An accusation against another Times reporter was made two years ago.  As reported by Margaret Sullivan on July 30, 2014, “The incident comes at a time when journalistic plagiarism is in the news. An editor at BuzzFeed, Benny Johnson, was fired last week after two unnamed people (who tweet and blog under the handles @blippoblappo and @crushingbort) investigated his work and turned up many instances of lifted copy. After initially defending him, BuzzFeed did its own investigation, dismissed him and apologized to readers in a note from editor in chief Ben Smith.

Sullivan further stated her opinion of reproducing others’ work:  “It’s pretty simple, at BuzzFeed or at The New York Times: Write your own stuff; when you can’t or won’t, make sure you attribute and link. Use multiple sources; compare, contrast, verify.”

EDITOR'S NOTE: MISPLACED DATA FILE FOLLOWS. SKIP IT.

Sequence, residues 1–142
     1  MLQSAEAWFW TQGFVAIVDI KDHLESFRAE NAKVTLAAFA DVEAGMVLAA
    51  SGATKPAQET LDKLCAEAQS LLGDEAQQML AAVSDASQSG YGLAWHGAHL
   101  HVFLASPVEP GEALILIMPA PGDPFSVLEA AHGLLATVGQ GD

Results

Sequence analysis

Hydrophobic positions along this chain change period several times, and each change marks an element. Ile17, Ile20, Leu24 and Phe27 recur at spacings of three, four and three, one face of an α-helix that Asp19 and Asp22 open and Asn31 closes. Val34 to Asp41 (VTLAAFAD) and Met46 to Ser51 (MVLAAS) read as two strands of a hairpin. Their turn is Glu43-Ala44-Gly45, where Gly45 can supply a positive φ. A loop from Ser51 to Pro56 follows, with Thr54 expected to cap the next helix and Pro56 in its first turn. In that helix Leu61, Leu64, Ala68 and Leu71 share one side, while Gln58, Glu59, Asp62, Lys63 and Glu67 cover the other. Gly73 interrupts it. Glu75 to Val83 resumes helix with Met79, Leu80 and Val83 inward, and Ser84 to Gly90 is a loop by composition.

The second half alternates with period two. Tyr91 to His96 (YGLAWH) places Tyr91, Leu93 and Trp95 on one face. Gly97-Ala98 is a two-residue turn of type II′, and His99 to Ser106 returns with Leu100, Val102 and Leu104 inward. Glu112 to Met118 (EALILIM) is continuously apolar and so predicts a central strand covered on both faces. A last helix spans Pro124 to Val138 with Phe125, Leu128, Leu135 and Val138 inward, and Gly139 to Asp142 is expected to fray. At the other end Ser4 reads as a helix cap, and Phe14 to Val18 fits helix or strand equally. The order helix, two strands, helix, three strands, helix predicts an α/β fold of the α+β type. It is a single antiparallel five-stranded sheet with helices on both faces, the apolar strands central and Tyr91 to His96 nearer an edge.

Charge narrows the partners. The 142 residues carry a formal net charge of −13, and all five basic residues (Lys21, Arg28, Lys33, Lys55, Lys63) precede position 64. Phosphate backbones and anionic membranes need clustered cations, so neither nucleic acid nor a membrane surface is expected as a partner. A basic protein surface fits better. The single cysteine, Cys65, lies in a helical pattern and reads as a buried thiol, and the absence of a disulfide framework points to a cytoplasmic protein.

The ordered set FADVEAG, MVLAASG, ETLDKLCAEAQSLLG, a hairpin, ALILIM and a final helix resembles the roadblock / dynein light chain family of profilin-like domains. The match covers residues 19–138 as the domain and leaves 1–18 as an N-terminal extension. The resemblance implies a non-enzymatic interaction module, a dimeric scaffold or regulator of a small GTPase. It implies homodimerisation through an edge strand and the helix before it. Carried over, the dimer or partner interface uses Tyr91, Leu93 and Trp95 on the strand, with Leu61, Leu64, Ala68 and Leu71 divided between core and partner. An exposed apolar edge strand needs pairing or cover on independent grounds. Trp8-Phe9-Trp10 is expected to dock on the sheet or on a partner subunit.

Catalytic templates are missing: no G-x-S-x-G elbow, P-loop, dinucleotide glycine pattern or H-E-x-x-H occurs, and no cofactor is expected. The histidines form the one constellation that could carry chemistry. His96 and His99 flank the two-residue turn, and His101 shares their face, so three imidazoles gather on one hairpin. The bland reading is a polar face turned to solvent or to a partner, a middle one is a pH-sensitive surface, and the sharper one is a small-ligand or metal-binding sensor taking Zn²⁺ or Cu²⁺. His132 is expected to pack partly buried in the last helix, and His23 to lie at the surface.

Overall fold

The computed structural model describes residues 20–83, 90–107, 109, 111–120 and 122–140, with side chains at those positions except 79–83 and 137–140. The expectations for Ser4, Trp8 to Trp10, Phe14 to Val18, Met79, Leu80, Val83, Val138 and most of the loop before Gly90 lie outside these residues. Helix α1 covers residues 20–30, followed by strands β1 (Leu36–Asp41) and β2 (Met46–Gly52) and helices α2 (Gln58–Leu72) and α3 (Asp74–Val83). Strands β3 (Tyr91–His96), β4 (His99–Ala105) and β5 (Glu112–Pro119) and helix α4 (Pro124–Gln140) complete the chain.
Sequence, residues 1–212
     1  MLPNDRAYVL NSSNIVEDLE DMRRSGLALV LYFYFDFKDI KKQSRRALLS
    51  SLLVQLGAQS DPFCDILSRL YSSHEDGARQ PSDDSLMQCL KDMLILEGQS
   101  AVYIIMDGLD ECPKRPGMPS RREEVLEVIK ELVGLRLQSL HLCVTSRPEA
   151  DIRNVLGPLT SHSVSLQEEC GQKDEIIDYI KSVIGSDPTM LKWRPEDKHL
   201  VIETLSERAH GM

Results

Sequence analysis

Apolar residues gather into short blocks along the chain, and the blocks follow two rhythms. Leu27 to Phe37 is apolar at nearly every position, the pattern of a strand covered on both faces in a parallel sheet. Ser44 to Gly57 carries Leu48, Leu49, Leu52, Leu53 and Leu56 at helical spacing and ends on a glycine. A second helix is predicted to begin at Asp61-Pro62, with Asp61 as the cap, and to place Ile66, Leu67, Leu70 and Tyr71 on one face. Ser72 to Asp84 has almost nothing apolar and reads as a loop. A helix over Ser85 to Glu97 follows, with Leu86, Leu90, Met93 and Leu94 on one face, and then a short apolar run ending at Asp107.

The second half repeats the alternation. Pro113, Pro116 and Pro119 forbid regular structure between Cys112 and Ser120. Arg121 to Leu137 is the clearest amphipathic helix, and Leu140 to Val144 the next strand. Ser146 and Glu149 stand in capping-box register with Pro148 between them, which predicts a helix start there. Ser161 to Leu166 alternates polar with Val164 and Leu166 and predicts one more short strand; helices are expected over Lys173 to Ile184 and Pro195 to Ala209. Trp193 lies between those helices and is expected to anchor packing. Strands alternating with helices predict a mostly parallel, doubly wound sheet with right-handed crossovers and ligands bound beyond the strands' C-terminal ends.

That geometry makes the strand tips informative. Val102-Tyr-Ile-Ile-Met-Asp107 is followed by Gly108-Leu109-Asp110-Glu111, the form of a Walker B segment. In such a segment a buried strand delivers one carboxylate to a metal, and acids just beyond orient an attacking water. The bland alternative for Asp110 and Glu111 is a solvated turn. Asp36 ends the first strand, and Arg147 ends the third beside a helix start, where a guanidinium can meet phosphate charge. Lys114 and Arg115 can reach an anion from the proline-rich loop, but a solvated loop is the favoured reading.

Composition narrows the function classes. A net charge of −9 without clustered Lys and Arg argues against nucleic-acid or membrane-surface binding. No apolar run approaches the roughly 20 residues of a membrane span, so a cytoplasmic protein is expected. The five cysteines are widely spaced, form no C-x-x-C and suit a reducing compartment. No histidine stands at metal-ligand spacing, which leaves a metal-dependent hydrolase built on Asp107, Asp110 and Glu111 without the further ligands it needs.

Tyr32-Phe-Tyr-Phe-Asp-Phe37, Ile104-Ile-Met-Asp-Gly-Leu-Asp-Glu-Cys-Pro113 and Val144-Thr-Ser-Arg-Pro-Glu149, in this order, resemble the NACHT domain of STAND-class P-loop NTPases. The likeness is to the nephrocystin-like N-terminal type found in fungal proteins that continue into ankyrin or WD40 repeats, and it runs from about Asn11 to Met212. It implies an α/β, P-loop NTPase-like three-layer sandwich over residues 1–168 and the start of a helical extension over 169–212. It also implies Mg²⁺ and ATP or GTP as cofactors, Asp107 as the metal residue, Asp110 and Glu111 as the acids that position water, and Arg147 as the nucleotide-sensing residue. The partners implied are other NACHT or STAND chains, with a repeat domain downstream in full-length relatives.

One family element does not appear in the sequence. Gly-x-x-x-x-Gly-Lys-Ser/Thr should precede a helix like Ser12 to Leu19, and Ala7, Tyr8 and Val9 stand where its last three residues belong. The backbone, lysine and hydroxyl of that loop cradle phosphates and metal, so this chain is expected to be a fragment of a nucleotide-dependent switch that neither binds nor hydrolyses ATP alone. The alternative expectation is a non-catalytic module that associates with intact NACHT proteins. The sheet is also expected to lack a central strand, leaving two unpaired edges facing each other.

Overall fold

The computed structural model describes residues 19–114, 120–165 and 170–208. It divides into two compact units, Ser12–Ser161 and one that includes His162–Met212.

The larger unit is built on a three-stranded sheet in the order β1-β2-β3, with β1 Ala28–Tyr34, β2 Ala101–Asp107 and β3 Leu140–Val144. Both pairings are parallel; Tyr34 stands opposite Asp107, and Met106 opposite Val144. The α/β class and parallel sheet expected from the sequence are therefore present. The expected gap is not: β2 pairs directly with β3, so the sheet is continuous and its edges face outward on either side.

In 2011, The Washington Post admitted to a reporter’s having plagiarized, as was reported by The New York Times.  That same year, a journalist employed by Politico “resigned on Thursday after allegations that she had used content in a number of her stories from articles that had been published in The New York Times, The Associated Press, NJ.com and other sources.”

In May of this year, USA Today discovered that crossword puzzles placed in its pages by an employee were apparently “copied,” at least in part, from those appearing in The New York Times.

The Post & Email has rejected or removed any submissions containing wording found to have been taken from another source without including quotation marks and a link back to the original source.  It is also advisable to state the source of the material.